Water bears are a microscopic, semi-transparent, multi-cellular, species living somewhere near you. The real name for water bears (and that of their phylum) is Tardigrade. They are one of the most interesting, yet least-known, creatures that live in your backyard.
Tardigrades live mostly in moss and lichen. They need a film of water around them or they can't breathe, hence they are much more likely to be found in a rainy place, like Oregon, than a dry place, like Texas.
Tardigrades look an awful lot like bears. They are brownish and have an obvious front and back, based on which way they walk around. The obvious difference is that they have eight legs, and they are almost transparent (which means you can see their guts - euww!). On each of their eight legs, they have up to eight claws. That is basically all you can see with the naked eye, a brownish body and its guts, which look like a couple of circles. They can grow up to about 1mm and can be seen more clearly through a microscope.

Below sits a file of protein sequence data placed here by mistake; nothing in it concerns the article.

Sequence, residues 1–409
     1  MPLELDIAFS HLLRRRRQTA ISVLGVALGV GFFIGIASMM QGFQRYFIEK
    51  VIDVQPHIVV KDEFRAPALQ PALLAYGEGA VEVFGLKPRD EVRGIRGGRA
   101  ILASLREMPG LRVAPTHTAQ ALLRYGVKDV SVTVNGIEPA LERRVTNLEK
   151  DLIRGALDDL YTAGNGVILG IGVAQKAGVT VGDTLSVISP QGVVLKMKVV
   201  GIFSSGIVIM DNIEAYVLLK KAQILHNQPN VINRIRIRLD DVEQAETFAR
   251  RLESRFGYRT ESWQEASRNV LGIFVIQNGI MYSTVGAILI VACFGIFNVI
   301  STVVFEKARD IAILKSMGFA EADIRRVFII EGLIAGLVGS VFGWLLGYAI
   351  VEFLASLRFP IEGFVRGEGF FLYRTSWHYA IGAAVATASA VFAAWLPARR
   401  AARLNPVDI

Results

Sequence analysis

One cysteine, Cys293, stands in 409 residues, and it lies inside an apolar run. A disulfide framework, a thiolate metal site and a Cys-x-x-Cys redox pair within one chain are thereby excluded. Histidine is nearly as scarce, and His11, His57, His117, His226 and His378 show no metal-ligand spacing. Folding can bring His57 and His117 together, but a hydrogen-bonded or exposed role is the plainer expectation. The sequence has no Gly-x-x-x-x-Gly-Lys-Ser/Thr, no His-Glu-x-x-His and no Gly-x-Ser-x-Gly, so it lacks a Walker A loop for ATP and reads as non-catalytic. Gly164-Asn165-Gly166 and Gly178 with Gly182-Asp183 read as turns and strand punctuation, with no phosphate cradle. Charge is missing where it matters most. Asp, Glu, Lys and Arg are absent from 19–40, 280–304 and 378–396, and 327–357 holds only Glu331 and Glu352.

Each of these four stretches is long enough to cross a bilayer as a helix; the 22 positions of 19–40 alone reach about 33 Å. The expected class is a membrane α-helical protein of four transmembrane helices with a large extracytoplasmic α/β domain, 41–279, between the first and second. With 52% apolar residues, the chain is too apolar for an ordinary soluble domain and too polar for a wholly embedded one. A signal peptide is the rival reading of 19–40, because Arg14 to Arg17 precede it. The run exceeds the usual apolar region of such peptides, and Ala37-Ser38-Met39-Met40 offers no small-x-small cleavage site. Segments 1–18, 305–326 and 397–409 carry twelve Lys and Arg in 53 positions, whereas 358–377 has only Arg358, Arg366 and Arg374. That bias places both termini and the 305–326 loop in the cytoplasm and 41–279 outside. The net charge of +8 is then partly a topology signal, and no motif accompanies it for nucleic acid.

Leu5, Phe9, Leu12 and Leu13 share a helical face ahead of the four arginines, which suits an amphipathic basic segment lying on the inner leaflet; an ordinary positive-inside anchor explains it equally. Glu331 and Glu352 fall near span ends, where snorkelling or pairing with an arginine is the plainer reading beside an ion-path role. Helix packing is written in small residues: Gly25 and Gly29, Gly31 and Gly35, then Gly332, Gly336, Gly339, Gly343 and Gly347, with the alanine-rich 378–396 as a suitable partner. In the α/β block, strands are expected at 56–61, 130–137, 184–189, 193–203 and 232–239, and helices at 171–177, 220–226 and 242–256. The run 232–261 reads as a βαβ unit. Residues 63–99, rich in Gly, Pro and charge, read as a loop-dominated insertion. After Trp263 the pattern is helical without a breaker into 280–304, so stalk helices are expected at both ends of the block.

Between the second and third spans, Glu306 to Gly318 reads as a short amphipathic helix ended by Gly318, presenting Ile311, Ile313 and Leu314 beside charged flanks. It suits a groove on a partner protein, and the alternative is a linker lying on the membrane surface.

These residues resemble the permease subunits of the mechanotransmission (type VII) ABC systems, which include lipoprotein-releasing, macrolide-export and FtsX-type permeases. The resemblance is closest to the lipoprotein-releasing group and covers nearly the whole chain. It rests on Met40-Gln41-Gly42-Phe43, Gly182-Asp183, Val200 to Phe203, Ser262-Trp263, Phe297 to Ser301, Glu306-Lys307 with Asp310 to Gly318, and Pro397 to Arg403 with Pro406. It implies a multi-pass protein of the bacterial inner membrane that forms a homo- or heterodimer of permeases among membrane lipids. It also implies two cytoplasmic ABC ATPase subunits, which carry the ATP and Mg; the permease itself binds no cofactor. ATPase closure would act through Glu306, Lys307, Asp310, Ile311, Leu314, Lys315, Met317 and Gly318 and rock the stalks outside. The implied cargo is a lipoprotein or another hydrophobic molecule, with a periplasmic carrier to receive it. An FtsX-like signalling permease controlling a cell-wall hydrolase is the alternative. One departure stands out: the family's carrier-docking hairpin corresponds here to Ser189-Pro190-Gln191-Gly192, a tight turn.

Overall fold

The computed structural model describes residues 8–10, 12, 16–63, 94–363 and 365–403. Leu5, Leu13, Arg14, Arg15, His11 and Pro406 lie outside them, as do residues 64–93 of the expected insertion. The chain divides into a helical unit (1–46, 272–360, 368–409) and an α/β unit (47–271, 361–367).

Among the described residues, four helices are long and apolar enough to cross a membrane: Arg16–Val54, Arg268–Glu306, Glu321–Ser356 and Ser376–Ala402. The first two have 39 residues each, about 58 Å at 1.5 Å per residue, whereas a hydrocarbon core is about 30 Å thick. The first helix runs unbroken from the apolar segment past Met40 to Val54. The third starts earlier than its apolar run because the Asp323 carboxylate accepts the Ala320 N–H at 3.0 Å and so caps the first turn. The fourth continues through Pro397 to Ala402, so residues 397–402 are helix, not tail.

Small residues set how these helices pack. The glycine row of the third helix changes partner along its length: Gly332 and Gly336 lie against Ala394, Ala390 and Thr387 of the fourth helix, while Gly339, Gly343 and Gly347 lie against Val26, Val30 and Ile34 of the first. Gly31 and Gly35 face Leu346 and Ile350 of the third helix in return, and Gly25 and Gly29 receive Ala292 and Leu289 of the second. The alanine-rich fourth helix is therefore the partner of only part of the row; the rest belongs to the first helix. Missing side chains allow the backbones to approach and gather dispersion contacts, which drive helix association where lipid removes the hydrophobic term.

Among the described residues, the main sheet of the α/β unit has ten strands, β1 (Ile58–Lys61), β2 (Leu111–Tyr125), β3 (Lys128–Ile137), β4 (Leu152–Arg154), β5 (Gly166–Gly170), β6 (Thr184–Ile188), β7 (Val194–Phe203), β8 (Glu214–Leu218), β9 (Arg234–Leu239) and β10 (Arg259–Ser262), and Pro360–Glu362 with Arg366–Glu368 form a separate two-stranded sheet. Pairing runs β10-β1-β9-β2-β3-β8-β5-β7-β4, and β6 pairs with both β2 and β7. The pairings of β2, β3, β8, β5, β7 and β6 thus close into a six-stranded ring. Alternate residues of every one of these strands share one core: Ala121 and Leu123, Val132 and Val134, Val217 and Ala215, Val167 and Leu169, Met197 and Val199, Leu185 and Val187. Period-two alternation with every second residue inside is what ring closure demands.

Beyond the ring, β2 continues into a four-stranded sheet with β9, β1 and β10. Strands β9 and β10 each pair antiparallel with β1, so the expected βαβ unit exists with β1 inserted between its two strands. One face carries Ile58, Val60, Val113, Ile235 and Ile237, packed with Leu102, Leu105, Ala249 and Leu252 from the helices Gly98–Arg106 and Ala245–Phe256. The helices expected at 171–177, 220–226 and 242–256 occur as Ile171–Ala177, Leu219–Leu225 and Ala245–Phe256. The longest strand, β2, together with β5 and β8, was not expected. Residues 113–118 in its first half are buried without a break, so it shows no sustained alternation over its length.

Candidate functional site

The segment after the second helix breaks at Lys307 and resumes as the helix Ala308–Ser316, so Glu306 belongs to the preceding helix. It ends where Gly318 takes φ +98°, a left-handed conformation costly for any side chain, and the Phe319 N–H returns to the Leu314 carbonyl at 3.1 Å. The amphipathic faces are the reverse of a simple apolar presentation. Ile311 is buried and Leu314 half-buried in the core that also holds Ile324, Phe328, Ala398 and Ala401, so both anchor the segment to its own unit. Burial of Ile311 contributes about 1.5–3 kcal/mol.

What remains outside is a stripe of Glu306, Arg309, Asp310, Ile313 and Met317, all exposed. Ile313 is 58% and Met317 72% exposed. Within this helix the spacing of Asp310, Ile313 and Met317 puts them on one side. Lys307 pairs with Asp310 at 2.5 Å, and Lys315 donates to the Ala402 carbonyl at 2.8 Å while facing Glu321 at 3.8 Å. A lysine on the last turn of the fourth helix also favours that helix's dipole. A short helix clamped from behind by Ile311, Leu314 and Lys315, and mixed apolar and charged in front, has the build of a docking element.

Water bears feed on the fluids in plant and animal cells. Sometimes they eat entire other organisms, like rotifers and even, on occasion, other water bears. They can pierce the walls or membranes of cells and they possess a tube to eat the internal contents of their prey.
Water bears are both a male and a female tardigrades (though some subspecies of tardigrades only have females). After the eggs are laid, and hatched, out comes another adult tardigrade. There is no larva stage. Also, they never gain any cells after birth. The large distribution of tardigrades can be explained by the fact that their clusters of eggs are light enough to be carried by wind or by animals.
Though tardigrades need a film of water to breathe, if they get dry they go into something very much like hibernation. Except that they can stay in it for 120 years and then, with just a single drop of water, they can be revived and start walking again, just like new. This is called cryptobiosis. What really happens when a water bear goes into cryptobiosis is that it lowers its metabolism to 0.01% of normal. Also, it lowers its water content to less than 1%. While in a state of cryptobiosis, a tardigrade can resist temperatures of up to 151°C and down to minus 200°C. They can also survive in a vacuum (like space, not the household appliance). This is one of the coolest facts about the tardigrade.
Living in environments as diverse as the frozen artic sea and the moss of the tropical rain forests, the tardigrade is a very interesting animal. With 400 species of tardigrade, we can be amazed for a long time.
You can find more information on this and many other species at the Oregon Museum of Science and Industry site.